Ms. Delaney noted that homeowners can look at both a fixed and variable strategy over the life of their mortgage. "For most people, your mortgage is a long term proposition, so your strategy should look beyond your first term," commented Ms. Delaney. "You may choose to start with a fixed mortgage when you buy your first home, then transition to a variable mortgage in later terms when you have improved your financial situation and paid down some of the principal."
While homebuyers this Spring will need to make the fixed vs variable decision when they buy a new home, Ms. Delaney also encouraged existing mortgage holders to take a fresh look at their mortgage and evaluate their options to help reduce their balance faster.
CIBC has a mortgage offer for existing mortgage holders who may be in a closed mortgage with another financial institution and who want to consider switching their mortgage as part of their long term strategy to reduce the total interest they pay. The CIBC Mortgage Switch offer includes cash back up front to help mitigate the cost of moving a mortgage before it is up for renewal, and a competitive fixed or variable rate to help homeowners take advantage of today's low rates and pay down their mortgage sooner.
Each week, Harris/Decima interviews just over 1000 Canadians through teleVox, the company's national telephone omnibus survey. These data were gathered between April 28 and May 1, 2011. A sample of this size has a margin of error of 3.1%, 19 times out of 20. If you want to discuss this poll and which option is best for you , Contact me.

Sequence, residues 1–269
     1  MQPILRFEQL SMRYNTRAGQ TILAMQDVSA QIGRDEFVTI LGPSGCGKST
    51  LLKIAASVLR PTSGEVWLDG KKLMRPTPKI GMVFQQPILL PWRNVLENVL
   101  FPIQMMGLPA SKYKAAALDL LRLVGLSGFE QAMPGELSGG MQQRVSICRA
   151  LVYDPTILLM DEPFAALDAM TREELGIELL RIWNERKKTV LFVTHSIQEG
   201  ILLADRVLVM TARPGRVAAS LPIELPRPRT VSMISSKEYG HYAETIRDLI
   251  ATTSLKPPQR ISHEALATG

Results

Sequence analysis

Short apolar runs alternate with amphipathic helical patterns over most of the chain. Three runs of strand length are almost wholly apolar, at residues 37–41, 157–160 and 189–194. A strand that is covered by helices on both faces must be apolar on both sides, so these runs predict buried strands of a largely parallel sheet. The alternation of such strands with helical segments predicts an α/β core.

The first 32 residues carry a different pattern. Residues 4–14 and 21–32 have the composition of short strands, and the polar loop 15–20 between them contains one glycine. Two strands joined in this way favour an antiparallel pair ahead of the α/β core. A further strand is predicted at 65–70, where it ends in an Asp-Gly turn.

Wednesday, June 1, 2011
While most people are familiar with CMHC , Canada's largest mortgage default insurer, many are not aware that Genworth Financial, a private insurer is also active in Canada. In 2007, a third insurer entered the market in what could be called the boom times in the Canadian real estate market. While the firm did well, the failure of it's parent company, AIG Garanty in the USA, brought unwanted instability and ruined their name. MortgagebrokerNews , a online trade publication issued an article recently on the third insurer. Here it is in it's entirety. As per usual , if you have any questions contact me at Calgary Mortgage Broker.
Canada’s “third” mortgage default insurer is gearing up for a significant growth spur, the company readying to welcome a major lender to the fold at the same time it meets growth targets.